- Department of Commerce
- Depart of Defense
- Corporation for National and Community Service
- Department of Education
- Department of Homeland Security
- Department of Health and Human Services
- Department of Housing and Urban Development
- Department of the Interior
- Department of Justice
- Department of Labor
- Department of State
- Department of the Treasury
- Department of Veterans Affairs
- Federal Reserve Board
- Federal Trade Commission
- All General Accounting Office
- National Technical Information Service
- Office of Personnel Management
- Pension Benefit Guaranty Corporation
- Railroad Retirement Board
- Selective Service System
- S. Department of Agriculture
- S. Postal Service
It also includes each U.S. state and the departments of each U.S. state, some foreign governments and the federal, state and local prison system.
How does The Social Security Administration Data Exchange Help You When You Have a Disability?
SSA Data Exchange makes life easier for you through its data exchange program while not compromising your privacy. associated with your social security number is verified by the SSA through a data exchange with Wisconsin’s Department of Workforce Development, and thus, information is exchanged from your social security card to your worker’s permit. It allows for a smooth verification process so that you can obtain your worker’s permit without much hassle. Then when you start working, the employer reports your wages to Social Security Administration (SSA).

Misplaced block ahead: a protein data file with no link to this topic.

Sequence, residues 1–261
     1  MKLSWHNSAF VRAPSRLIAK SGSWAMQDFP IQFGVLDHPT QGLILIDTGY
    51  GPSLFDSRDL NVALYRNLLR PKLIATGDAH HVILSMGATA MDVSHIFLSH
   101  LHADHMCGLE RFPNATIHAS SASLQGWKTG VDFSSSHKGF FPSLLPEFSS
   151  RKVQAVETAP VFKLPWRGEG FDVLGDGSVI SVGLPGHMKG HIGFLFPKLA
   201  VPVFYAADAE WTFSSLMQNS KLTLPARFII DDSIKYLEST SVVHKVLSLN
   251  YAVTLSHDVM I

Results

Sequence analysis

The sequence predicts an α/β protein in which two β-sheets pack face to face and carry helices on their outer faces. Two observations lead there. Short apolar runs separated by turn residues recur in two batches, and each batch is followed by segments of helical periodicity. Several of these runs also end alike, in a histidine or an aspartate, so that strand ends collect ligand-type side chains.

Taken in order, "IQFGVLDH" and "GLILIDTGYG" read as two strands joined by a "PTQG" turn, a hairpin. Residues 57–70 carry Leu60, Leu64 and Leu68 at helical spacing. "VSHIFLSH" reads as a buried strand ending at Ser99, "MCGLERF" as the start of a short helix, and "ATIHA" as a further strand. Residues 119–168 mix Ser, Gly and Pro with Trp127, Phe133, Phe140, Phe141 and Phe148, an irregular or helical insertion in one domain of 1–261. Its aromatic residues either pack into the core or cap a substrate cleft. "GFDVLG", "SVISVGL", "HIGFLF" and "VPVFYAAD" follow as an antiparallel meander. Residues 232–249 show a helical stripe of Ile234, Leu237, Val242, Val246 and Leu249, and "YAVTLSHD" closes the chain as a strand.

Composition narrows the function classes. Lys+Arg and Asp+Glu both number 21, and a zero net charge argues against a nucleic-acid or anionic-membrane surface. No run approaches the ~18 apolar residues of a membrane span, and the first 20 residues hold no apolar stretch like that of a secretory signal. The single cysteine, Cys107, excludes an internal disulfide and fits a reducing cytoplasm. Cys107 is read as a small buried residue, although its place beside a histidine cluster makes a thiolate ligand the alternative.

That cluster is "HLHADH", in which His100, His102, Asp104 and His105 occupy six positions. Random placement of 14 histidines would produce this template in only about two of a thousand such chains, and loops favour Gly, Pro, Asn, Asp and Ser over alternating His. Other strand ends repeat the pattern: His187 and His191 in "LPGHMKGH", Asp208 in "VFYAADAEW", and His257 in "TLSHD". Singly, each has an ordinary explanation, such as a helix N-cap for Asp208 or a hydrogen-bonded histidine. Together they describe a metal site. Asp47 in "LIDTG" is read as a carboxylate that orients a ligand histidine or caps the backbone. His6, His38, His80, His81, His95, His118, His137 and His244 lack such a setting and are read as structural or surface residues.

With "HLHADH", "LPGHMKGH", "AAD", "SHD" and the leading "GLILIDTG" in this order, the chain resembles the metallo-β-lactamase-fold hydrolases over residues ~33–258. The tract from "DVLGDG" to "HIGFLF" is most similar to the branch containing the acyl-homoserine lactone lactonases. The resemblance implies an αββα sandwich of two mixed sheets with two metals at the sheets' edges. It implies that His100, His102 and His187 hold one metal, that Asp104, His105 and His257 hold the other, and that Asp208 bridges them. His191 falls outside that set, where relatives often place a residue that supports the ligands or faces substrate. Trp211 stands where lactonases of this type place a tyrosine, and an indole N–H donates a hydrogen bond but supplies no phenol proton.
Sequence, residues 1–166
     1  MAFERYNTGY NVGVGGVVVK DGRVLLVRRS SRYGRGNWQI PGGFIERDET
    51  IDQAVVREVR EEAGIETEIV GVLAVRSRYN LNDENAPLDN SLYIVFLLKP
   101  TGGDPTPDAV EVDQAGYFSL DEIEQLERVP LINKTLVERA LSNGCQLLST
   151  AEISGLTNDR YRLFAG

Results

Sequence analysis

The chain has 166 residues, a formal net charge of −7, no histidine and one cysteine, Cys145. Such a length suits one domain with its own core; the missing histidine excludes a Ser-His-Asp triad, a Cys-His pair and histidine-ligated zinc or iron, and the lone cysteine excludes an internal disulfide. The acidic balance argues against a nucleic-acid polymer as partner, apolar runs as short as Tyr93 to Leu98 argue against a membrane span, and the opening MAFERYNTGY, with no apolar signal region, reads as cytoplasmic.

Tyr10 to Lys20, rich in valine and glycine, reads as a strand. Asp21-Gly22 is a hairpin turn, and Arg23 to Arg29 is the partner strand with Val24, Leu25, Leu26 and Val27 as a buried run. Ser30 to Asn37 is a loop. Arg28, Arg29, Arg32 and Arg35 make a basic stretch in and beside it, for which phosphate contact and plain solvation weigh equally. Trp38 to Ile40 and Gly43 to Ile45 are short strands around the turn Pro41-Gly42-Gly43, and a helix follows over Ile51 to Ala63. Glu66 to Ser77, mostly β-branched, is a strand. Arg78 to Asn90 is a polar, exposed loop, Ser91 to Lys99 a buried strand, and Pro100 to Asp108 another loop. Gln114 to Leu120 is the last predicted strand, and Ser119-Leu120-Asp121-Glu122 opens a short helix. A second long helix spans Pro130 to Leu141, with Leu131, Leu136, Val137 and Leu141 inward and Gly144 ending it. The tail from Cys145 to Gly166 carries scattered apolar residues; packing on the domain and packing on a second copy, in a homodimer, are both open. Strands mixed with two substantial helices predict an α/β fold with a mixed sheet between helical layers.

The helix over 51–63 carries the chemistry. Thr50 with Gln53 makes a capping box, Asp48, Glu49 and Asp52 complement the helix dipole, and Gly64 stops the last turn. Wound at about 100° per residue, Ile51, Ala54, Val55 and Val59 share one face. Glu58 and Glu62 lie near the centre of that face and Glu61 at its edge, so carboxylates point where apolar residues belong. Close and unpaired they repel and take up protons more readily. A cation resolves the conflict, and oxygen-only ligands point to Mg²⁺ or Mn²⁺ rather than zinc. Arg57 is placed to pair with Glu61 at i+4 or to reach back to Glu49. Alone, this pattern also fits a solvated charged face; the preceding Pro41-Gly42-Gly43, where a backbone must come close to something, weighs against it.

Because employers use social security to report earnings, what you make over your lifetime is tracked, forever linked to your social security number, and kept in a database for ease of data exchange when appropriate. Tracking your wages throughout your lifetime helps secure your benefits when you reach retirement, or should you become disabled, or even die (survivor benefits). In fact, with regard to the disability, social security has its own disability insurance: Social Security Disability Insurance (SSDI).
If during sometime in your life you become disabled, you may qualify for Social Security Disability Insurance. Social Security Administration will share your social security data with relevant federal agencies if you become disabled. For instance, if you were in the military, your data will be shared with the U.S. Department of Veterans Affairs because disability claims are expedited if a veteran, or to the U.S. Department of Education because disability sometimes results in student loan forgiveness. It is important for SSA to track your wages through its data exchange program so that you can first become eligible for social security benefits. Then, if you become disabled, it is important for SSA to share your data and your disability with other appropriate data exchange partners so that receipt of your disability insurance benefits is not held up any longer than what it should. Your goal is to get the assistance you rightfully deserve, and SSA’s goal is to make sure you get it as soon as possible.